The NGOs and Associations working in the Calais Jungle have taken legal action alongside the refugees living there to stop the evictions and bulldozing of the southern half of the camp. The hearing will take place at the court in Lille on Tuesday 23 February ay 2pm.
The action does not support the ‘Jungle’ as being a good solution; rather it states that viable alternatives should be on offer if the refuges are going to be evicted. The NGOs do not believe that either the container camp or the respite centres (CAOs) are suitable or adequate.
The NGOs have applied for an interim suspension order to stop the Calais prefecture issuing an eviction order on the southern half of the camp. This approach was taken because of fears that a 48 hour eviction notice would be issued on Friday night, when the courts would be shut for the following 48 hours, leaving no possibility of a legal challenge. The lawyer taking the case on behalf of the NGOs and the refugees is Julie Bonnier who has extensive experience of working on evictions in Roma slums.
The bases of the claim are that:
1) When the current camp was set up in March 2015, this was done following eviction orders on various small camps around the Calais area. At that time the then Calais prefecture promised the refugees that if they moved to this land they would be able to stay there with no threat of eviction.
2) When discussing the current proposed eviction the prefecture said there are approximately 800 to 1,000 people in the southern part of the Jungle. However, based on a population survey carried out by L’Auberge (a French charity working in the Jungle) the figure is actually over 3400. The census was done very rigorously and corroborated by other figures (distributed food, water consumed etc). This means that the French authorities suggestion of accommodating displaced people in the container camp and winter respite centres will be highly inadequate.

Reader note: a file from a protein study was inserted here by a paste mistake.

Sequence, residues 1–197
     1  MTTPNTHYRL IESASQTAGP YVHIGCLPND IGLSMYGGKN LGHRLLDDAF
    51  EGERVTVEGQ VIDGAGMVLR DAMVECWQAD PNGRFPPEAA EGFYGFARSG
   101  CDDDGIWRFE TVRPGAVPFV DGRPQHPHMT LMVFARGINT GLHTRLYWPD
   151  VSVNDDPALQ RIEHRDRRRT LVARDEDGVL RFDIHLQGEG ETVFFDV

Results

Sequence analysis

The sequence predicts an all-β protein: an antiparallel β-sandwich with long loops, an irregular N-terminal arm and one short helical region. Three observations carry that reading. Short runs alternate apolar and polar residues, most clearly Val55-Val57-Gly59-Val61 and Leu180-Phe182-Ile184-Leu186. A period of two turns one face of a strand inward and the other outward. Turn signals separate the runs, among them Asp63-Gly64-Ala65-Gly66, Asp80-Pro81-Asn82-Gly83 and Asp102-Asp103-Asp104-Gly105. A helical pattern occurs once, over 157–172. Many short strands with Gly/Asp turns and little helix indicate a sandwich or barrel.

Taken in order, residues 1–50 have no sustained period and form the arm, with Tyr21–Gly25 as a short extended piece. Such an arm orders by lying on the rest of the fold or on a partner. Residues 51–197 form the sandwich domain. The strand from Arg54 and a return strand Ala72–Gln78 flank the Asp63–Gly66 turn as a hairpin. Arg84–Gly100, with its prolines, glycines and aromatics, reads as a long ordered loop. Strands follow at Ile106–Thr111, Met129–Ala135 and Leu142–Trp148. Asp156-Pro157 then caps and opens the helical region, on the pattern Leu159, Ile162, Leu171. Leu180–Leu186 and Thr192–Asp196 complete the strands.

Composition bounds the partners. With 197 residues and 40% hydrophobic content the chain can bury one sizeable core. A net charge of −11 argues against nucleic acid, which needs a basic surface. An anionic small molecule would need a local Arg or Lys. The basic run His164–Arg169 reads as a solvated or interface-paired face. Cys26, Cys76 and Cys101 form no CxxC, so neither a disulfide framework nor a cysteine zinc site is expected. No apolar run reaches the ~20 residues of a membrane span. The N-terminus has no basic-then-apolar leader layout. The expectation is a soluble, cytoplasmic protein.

3) There have been various problems with the containers and respite centres which have been proposed by the French Authorities as alternative accommodation.
4) The claim also contains testimonials from thirty volunteers and NGOs who operate in the camp (library, school, health centre etc) that explain what they do and what facilities will be lost if the camp is destroyed.
The NGOs acting in the claim alongside the refugees are: Care4Calais / L’Auberge des Migrants / Help Refugees / Utopia 56 / Secours Catholique / Emmaus / Appel de Calais / Réveil Voyageur
Separately, in an open letter to Bernard Cazeneuve, the French Minister of the Interior, eight French charities including Emmaus, Medicines Du Monde and Secours Catholique, have condemned the decision by the French Authorities to bulldoze the southern half of the refugee camp in Calais known as the ‘Jungle’. The letter acknowledges that this action by the Authorities will probably also include the destruction of the other half of the camp over the coming weeks.
The charities point out that no viable alternative accommodation options have been offered for the refugees to move to, so they will effectively be rendered homeless.
It is also points out that when the current camp was established in March 2015, the refugees moving there from various small camps around the area were promised that, if they settled there, they would not be evicted. This promise is now being broken less than a year after it was made.
The letter notes that the 1500 places in the new container camp are severely insufficient for current numbers in the camp, and the container camp also lacks basic privacy and provides for little quality of life, being nothing more than a dormitory.
Although the government has suggested making extra space available in the winter respite centres (CAOs), the French charities note that these have to date been poorly implemented with no attention to health or social concerns, and there has been poor provision of information resulting in refugees returning from the centres to Calais.
The charities recommend a renegotiation of the way that the UK and France jointly manage the reception of refugees, in particular with regard to vulnerable persons.
The letter ends by saying that the demolition of the Jungle will only lead to further abuses of human rights and asks that, due to the lack of viable alternatives, the eviction is postponed.
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